icon-folder.gif   Conference Reports for NATAP  
  57th Annual Meeting of the American Association
for the Study of Liver Diseases
October 27-31, 2006
Boston, MA
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Pegasys + Adefovir Reduces HBsAg in HDV-Coinfected
  Reported by Jules Levin
AASLD, Oct 27-31, 2006, Boston, MA
Pegylated interferon alfa-2a plus adefovir combination therapy is superior to pegylated interferon alfa-2a alone or adefovir monotherapy in reducing HBsAg levels in HDV-coinfected patients with low HBV viremia
H. Wedemeyer,1 C. Yurdaydin,2 K. Zachou,1,3 A. Erhardt,4 U. Drebber,5 Y. Cakaloglu,6 H. Degertekin,7 S. Gurel,8 S. Zeuzem,9 T. Bock,10 G. Dalekos,3 M. P. Manns1 1Gastroenterology, Medizinische Hochschule Hannover, Hannover , Germany; 2Ankara University, Ankara, Turkey; 6Istanbul University, Istanbul, Turkey; 7Dicle University School of Medicine, Diyarbakir, Turkey; 8Bursa University, Bursa, Turkey; 9University of Saarland, Homburg, Germany; 10University of Tübingen, Tübingen, Germany; 5University of Cologne, Cologne, Germany; 4University of Duesseldorf, Duesseldorf, Germany; 3University of Larissa, Larissa, Greece
Serum HBsAg levels are considered as a surrogate marker for intrahepatic HBV-cccDNA levels and have been shown to be\ reduced by adefovir therapy in HBV-monoinfected patients
The hepatitis D virus (HDV) uses the HBsAg for virion formation. Thus, the best treatment option for HDV infection would be clearance of HBsAg
So far, there are no data available on HBsAg levels during pegylated interferon alfa therapy alone or in combination with nucleos(t)ides in HBV infection
This is the fi rst trial demonstrating that a combination of pegylated interferon with a nucleotide is superior to either monotherapy in reducing HBsAg levels in HBV-infected patients
HBsAg clearance can be achieved by combination therapy in some HDV-coinfected patients after only 48 weeks of therapy
Future trials are required to investigate whether longer treatment regimes can increase HBsAg seroconversion rates in HDV-coinfected as well as in HBV-monoinfected patients
Patients with HBV-HDV co-infection (n=90) enrolled in the Hep-Net/International Delta Hepatitis Intervention Trial (HID-IT) (Figure 1), carried out at centres in Germany, Turkey and Greece, were treated for 48 weeks with:
-- 180 _g peginterferon alfa-2a (PEGASYS) qw plus 10 mg adefovir dipivoxil qd (group A, n=31)
-- 180 _g PEGASYS qw plus placebo (group B, n=29)
-- 10 mg adefovir dipivoxil qd alone (group C, n=30)
HBsAg was measured at baseline and at the end of treatment (week 48). HBsAg levels were determined using the Abbott Architect System. Results are expressed in International Units HDV-RNA levels were determined by in house Real-Time PCR
At week 48, HDV-RNA was negative in 19%, 30% and 12% of patients in the HID-IT trial, respectively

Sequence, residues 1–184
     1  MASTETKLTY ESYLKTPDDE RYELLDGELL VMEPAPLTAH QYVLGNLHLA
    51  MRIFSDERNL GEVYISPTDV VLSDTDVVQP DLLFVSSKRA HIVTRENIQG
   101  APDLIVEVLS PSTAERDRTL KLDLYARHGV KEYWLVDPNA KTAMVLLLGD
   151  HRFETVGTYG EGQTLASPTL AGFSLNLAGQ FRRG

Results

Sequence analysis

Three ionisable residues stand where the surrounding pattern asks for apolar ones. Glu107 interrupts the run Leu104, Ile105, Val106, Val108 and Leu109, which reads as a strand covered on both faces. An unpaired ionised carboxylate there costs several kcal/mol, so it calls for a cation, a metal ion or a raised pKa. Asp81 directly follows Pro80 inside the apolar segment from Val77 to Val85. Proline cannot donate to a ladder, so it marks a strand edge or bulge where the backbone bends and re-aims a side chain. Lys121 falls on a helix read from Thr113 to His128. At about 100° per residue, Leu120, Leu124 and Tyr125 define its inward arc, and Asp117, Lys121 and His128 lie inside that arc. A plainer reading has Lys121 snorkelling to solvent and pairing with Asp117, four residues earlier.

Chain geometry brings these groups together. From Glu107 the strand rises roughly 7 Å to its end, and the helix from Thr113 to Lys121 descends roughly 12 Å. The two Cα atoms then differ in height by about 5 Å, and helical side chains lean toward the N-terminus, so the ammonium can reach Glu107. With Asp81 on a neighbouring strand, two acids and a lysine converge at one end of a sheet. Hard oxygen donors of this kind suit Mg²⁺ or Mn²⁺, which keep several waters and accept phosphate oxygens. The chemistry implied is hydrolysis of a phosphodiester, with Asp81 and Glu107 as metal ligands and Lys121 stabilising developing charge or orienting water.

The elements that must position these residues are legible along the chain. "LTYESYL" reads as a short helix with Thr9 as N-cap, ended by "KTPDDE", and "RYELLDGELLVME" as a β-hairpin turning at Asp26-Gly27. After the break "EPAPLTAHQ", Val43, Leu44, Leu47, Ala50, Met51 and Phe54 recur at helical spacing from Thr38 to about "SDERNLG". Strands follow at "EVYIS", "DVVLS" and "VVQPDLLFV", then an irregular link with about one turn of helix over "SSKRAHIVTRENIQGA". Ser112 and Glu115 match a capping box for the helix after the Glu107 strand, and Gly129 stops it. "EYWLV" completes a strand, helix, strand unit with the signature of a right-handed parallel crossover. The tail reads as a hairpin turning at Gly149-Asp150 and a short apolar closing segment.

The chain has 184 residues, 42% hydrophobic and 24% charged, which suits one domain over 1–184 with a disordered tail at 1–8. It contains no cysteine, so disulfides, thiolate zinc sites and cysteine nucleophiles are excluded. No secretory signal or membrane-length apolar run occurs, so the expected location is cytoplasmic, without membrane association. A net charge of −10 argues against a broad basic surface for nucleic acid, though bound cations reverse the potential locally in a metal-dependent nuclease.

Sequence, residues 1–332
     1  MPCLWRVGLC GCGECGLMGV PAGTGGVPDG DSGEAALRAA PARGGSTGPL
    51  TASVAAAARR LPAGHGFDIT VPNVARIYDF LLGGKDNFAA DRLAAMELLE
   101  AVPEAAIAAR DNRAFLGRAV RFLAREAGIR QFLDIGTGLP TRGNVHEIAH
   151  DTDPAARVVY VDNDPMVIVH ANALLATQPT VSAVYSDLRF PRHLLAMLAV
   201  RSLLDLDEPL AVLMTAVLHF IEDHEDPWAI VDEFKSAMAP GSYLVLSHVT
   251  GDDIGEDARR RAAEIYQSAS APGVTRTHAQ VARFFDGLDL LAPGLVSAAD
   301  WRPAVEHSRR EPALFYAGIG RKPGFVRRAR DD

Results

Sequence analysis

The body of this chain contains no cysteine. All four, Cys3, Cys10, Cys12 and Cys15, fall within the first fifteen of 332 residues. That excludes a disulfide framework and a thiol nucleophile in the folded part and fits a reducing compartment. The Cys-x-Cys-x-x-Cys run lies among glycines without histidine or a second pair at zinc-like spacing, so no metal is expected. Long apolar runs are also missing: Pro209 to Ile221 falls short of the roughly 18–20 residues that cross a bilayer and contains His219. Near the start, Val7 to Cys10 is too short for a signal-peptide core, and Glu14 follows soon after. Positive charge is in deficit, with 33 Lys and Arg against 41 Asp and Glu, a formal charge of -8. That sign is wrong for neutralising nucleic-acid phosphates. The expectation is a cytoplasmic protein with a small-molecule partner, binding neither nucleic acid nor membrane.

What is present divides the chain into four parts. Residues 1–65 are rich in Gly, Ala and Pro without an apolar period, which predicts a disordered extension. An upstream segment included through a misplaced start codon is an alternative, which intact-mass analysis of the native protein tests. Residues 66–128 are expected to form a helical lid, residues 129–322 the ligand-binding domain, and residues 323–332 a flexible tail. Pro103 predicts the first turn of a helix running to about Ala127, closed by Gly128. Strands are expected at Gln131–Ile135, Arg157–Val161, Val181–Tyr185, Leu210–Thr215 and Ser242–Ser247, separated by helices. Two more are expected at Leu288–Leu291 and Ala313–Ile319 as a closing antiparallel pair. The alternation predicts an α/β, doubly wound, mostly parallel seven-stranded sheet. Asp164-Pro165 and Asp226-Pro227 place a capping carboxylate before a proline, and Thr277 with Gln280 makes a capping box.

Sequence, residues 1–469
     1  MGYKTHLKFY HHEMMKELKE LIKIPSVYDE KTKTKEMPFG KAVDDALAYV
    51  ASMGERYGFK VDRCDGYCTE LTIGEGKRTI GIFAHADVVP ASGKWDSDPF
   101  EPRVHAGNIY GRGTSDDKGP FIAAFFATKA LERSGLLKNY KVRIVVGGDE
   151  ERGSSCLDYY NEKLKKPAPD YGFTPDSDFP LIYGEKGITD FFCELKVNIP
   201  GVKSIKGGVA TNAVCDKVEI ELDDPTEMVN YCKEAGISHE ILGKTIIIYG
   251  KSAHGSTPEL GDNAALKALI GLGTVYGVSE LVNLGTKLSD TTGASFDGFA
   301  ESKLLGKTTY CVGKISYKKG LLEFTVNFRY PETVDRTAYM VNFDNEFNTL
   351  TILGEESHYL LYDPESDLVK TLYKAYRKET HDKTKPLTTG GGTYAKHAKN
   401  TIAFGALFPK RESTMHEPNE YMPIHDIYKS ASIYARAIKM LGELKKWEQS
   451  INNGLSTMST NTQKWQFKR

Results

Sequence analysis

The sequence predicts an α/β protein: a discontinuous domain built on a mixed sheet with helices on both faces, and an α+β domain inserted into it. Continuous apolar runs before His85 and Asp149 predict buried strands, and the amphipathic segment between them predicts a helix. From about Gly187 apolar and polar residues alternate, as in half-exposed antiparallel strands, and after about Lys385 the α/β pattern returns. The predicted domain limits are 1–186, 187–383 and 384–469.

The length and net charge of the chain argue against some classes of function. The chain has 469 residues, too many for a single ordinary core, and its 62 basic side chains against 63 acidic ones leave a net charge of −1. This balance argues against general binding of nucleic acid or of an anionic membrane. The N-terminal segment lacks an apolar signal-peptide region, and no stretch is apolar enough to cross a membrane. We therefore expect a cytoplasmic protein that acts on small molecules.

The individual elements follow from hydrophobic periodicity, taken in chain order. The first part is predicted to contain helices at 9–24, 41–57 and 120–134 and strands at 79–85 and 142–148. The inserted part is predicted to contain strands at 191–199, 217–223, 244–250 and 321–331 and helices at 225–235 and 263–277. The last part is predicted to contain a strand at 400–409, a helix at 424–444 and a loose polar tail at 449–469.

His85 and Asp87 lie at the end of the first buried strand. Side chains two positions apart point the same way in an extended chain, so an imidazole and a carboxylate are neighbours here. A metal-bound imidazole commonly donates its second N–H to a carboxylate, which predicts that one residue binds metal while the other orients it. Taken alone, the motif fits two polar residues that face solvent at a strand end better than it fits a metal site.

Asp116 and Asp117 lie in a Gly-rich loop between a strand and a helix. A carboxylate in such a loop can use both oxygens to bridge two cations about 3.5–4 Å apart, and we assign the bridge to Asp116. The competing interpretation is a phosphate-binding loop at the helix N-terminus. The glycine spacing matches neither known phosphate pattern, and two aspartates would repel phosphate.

At baseline 14 patients tested positive for HBeAg, 48% of patients had HBV-DNA levels below 100 IU/mL, 37% had a HBV viremia between 101 and 10,000 IU/mL and 15% showed HBV-DNA levels above 10,000 IU/mL
Mean baseline HBsAg levels were 3.9±0.6, 4.0±0.6 and 4.0±0.5 log10 IU/mL in groups A, B and C, respectively, ranging from 184 to 79591 IU/mL
HBsAg levels did not correlate with HBV viremia but were positively correlated with HDV-RNA levels (r=0.324, p=0.002)
While patients receiving PEGASYS alone or adefovir monotherapy had similar mean HBsAg levels at week 0 and week 48, the PEGASYS/ adefovir combination group showed a 1.0 log10 IU/mL decline of HBsAg levels by week 48 (p<0.001).
(This must be a misprint: since peg/ADV performed better they must mean 40% in group B):
40% of patients in group A but only 5% of patients in group B displayed at least a 10-fold reduction of HBsAg in serum compared with none of the patients in group C (p<0.001).



HBsAg was lost by week 48 in 2 patients, both patients were treated with a combination of PEGASYS and adefovir and had also developed anti-HBs antibodies with titers of 58 and 413 IU/L, respectively 1 additional patient lost HBsAg during follow-up (PEGASYS + adefovir group)
A significant HBsAg decline was not seen before week 24 in most responding patients (Figure 4). The response was maintained in most patients after the end of therapy with a <1 log10 increase until week 72 in 5 out of 10 patients
Median HBsAg levels remained >1000 IU/mL in the majority of patients after 48 weeks even in patients receiving combination therapy, suggesting that longer therapies will required in most patients to achieve HBsAg loss. Patients who could potentially benefi t from longer treatment may be identifi ed by measuring HBsAg kinetics



The complete data set on HDV-RNA and ALT levels will be presented in the oral presentation by Prof. Yurdaydin at AASLD 2006 Abstract No. 111
This research was partly funded by Roche, Basel, Switzerland and Gilead Sciences, Germany